It’s a well-established fact: When employees make healthy choices, eat better, exercise more, and learn to reduce the stress in their lives, they engage more with their jobs. Absenteeism, presenteeism, and turnover go down, while productivity, creativity, and morale go up.
But as you probably know from your own life, reversing long standing habits is easier said than done. If you’ve become accustomed to grabbing fast food for comfort after an exhausting day of work, you may have trouble psyching yourself up for fresh produce. If you’re used to waking up to your Twitter feed, a 20-minute meditation may, at first, seem like a disappointing substitute.
That’s where an employee wellness program comes in. A good wellness program nudges your team toward healthy habits with a combination of fun challenges, community support, and education. But the best wellness program in the world won’t make much difference if your employees don’t use it.
Great leadership is about motivation. True change comes not when you force your employees to do the right thing (which is impossible anyway), but when you inspire them to want to do it.
The same principle applies to wellness. You can’t make your employees change their ways. But with the right motivational strategies, you can prod them in the right direction.
Here are a few tactics for motivating your employees to prioritize their health and make the most of your employee wellness program:
1. Learn About Your Employees’ Wellness Goals and Needs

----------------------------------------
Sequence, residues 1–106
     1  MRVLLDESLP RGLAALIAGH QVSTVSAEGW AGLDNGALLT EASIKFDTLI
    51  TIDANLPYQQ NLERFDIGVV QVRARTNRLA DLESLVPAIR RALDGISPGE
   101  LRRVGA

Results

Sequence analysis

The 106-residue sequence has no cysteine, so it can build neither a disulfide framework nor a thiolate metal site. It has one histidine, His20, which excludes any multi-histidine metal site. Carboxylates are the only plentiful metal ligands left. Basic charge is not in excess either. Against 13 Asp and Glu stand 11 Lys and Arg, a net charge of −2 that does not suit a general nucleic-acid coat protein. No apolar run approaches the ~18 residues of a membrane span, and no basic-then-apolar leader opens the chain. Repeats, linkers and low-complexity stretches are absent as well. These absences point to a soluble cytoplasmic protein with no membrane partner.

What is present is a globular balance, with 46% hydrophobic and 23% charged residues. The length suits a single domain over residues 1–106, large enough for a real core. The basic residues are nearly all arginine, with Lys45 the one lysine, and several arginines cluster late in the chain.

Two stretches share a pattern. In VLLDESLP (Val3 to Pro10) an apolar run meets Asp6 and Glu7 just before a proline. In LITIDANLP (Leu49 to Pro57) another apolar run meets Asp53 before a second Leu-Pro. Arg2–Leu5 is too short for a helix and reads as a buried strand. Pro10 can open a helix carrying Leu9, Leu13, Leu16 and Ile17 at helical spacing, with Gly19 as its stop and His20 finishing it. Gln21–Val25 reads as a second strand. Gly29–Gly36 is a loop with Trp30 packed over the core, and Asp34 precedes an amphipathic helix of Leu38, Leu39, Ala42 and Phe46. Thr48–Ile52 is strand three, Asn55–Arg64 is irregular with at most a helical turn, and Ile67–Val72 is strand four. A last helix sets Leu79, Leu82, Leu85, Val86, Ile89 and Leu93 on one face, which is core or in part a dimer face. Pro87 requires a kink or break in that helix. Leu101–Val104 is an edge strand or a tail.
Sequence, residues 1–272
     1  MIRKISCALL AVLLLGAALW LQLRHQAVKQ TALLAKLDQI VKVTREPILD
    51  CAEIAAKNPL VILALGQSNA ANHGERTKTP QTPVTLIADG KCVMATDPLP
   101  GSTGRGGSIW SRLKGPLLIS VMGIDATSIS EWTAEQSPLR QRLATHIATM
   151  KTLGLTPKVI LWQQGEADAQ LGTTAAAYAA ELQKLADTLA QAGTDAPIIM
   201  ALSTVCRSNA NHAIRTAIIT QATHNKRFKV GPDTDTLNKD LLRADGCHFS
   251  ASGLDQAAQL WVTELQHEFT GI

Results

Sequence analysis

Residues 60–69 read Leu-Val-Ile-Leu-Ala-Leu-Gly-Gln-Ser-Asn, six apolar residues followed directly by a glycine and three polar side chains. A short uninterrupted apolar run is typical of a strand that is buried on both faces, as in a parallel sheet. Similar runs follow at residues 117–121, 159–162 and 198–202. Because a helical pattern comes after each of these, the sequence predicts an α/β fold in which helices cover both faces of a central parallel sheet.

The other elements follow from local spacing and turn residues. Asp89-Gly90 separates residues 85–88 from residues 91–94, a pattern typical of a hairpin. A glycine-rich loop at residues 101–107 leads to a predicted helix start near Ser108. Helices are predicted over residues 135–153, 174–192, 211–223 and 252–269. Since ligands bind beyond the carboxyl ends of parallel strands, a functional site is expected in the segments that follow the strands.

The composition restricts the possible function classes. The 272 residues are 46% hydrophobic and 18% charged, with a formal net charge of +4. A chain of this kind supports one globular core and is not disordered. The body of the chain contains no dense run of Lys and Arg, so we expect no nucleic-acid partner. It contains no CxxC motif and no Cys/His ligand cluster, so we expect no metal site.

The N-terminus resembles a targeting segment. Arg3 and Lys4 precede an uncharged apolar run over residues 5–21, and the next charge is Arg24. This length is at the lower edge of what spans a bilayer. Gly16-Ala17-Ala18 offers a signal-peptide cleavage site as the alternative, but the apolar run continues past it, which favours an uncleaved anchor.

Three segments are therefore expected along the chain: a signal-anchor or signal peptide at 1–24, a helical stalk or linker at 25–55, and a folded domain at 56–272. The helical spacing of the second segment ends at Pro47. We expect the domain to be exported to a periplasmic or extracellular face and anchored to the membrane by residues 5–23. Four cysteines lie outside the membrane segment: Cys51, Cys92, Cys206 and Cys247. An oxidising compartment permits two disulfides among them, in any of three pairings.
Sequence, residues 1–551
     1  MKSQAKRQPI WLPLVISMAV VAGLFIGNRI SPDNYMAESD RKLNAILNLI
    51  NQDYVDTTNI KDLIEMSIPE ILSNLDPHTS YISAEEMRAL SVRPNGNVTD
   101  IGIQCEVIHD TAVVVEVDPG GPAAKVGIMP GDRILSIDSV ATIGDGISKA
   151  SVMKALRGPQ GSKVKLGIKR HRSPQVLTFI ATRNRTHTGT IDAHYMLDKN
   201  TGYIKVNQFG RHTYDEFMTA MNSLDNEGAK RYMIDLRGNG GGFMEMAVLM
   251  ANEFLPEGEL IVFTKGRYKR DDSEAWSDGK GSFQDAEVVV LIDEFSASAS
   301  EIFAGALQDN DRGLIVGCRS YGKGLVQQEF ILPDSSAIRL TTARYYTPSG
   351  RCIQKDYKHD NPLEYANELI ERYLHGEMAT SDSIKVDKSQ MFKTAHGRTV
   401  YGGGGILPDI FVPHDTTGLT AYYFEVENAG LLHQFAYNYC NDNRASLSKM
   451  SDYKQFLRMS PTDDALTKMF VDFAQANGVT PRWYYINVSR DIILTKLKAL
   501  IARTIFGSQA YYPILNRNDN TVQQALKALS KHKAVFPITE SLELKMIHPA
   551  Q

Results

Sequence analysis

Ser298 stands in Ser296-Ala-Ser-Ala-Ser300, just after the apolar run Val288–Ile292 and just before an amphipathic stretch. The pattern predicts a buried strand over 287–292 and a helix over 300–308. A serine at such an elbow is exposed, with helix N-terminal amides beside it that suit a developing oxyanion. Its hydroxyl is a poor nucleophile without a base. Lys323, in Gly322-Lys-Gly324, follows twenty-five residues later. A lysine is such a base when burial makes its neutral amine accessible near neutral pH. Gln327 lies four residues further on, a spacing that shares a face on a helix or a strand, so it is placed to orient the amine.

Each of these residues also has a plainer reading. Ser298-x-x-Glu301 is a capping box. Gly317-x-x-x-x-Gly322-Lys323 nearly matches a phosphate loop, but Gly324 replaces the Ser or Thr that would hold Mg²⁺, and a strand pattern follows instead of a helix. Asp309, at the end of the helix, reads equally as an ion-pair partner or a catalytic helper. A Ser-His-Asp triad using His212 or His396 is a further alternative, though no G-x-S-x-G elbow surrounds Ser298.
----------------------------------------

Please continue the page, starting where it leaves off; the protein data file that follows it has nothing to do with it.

One of the keys to designing an effective wellness program (meaning, one that your employees will actually use) is understanding where your employees are starting from. If most of your employees are sedentary, for example, it might not be a good idea to challenge them with triathlon training. A steps challenge may be more their speed.
Before launching your wellness program, poll your employees to find out more about their current fitness levels, their health routines, and their goals. A biometric screening event can be an excellent starting point. Biometric screening is also a useful tool for checking in periodically, seeing where your employees are at, and adjusting your program accordingly.
2. Emphasize the Challenge
Why do millions of people every year pay hundreds of dollars to enter marathons they have no hope of winning? After all, if you really want to run 26 miles, the sidewalk in front of your house is free.
The reason is that the challenge of running an “official” marathon is a goal that pulls participants through the training.
Exercising daily, or eating healthy, or getting more sleep can, on their own, seem like drudgery. But when these activities are focused on some sort of accomplishment, they take on a greater meaning.
In business, you know that when team members feel a sense of purpose in their work, they apply themselves more. The same is true in wellness, even if the reward is simply bragging rights (“I brought a healthy lunch from home 20 days in a row!”). There’s something so satisfying in setting out to surmount a challenge and succeeding.
3. Lead by Example
As the manager does, so do the employees. You can’t expect to inspire healthy behavior among your employees if you (and everyone else in management) don’t model healthy behavior yourself.
If you’re telling your employees it’s not only ok but encouraged to unplug after work, but are then issuing your own emails well into the evening, it’s likely very few will take your advice. No one wants to get caught offline when the boss comes calling.